Jewish Leader Deplores 'Prejudiced' Opposition to Mosque in London Jewish Community

Marie van der Zyl, vice president of the Board of Deputies of British Jews, condemned 'the uninformed and prejudiced comments' against the Golders Green project

The Golders Green Hippodrome, which might host the Hussainiyat Al-Rasool Al-Adham mosque and Islamic center.
The Golders Green Hippodrome, which might host the Hussainiyat Al-Rasool Al-Adham mosque and Islamic center. ceridwen/Wikimedia Commons

Amid rising opposition to the opening of a Muslim community center and mosque in a heavily Jewish London neighborhood, a leader of the British Jewish community expressed the desire for good relations between the Jews of the neighborhood, Golders Green, and the major Muslim institution planned there and deplored anti-Muslim prejudice.

Marie van der Zyl, vice president of the Board of Deputies of British Jews, issued a statement on Tuesday saying that her organization had been in contact with representatives of the new Hussainiyat Al-Rasool Al-Adham Community Center and was "heartened to hear about their commitment to opposing anti-Semitism and extremism," adding: "We, in turn, told them that we stand firmly opposed to anti-Muslim hatred, from whichever quarter it comes. While there are legitimate concerns around planning that should be addressed, we deplore the uninformed and prejudiced comments about this application, including from a small number of members of our own community."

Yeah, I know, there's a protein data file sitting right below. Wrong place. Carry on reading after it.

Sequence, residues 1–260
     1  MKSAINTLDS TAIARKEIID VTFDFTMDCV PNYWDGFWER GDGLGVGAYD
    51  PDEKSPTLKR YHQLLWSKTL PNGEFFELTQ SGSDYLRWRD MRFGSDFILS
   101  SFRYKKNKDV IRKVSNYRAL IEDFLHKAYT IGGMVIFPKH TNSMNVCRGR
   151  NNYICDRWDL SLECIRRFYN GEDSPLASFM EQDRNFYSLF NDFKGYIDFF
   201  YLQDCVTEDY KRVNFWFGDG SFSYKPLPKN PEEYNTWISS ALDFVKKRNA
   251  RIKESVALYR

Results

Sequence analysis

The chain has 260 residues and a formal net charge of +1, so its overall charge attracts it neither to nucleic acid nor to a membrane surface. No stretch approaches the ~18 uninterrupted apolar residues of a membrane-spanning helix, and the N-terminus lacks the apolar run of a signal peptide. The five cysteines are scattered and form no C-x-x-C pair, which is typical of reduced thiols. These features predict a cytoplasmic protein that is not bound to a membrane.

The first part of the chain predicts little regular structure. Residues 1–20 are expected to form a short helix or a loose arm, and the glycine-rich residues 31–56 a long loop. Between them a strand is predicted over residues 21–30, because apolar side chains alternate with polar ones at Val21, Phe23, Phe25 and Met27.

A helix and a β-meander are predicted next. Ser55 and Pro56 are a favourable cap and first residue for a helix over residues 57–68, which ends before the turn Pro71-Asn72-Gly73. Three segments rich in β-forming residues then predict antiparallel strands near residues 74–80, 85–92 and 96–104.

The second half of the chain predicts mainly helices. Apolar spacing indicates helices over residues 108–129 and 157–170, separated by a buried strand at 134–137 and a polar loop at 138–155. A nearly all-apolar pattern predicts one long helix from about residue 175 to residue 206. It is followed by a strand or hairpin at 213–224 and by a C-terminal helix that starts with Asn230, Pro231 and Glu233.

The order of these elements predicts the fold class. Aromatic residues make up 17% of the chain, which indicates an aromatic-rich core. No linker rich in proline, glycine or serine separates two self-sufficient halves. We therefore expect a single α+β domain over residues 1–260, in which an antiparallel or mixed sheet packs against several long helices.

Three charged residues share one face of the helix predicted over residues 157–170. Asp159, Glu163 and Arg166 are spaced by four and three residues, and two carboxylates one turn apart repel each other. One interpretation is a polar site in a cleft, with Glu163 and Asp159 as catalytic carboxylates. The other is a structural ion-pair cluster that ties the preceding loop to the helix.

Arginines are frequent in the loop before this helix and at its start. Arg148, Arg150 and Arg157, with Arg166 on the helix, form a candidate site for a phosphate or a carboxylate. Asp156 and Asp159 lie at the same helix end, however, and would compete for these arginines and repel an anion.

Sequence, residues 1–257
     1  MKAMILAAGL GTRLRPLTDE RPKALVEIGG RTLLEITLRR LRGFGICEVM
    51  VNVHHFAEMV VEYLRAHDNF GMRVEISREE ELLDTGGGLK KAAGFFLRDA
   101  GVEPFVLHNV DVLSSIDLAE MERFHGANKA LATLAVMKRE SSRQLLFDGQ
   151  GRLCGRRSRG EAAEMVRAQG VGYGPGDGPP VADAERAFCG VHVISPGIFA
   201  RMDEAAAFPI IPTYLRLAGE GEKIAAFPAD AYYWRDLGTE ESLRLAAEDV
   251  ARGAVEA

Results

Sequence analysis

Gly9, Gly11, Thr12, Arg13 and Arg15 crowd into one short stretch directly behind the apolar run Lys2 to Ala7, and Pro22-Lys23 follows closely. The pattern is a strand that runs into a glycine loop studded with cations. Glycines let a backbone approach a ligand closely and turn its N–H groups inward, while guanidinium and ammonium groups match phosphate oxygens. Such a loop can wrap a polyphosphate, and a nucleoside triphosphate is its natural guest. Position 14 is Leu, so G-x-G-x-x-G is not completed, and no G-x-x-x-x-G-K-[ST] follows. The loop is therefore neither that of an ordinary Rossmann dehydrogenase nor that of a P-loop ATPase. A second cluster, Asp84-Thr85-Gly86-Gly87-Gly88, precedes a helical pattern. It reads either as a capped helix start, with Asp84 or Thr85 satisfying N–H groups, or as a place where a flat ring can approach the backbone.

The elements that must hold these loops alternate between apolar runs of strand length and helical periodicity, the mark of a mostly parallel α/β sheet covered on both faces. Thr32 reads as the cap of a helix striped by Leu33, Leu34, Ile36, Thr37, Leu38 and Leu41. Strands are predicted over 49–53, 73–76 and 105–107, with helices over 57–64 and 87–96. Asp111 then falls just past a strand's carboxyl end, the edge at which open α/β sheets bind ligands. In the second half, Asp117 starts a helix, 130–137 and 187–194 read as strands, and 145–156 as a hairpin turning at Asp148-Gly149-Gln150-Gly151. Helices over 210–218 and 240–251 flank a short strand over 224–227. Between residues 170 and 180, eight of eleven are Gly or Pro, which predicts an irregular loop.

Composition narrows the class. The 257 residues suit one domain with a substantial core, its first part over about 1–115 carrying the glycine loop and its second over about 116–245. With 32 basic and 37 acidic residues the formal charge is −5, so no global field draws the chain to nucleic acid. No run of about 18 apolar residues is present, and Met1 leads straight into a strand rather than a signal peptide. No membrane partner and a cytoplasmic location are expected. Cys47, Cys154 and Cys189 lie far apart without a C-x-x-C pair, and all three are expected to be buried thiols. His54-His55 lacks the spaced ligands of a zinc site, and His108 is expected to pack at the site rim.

The Islamic center is slated to open next month at the Hippodrome, a former concert hall in the heart of the north London neighborhood. Nearly 5,700 people signed an online petition urging municipal officials to investigate possible bylaw infractions by the center, which has received all the required permissions following the building’s purchase earlier this year. The petition does not mention the religious dimension, citing instead potential “disruptions” to traffic, as well as parking and air pollution.

But below the surface, the planned mosque has touched off an acrimonious exchange among those who welcome the new center, with its capacity of 3,000 visitors, and those who fear it. Some opponents worry that the mosque could lead to friction between British Jews and members of the Muslim minority.

Members of the Jewish community who researched Hussainiyat Al-Rasool Al-Adham, a largely Iraqi and Iranian Shi'te congregation, found no ties to the Iranian regime or extremist incitement, an expert on Islamism who ran some of the checks told JTA on Tuesday. “If anything, this is a pro-Jewish group,” said the source, who spoke anonymously.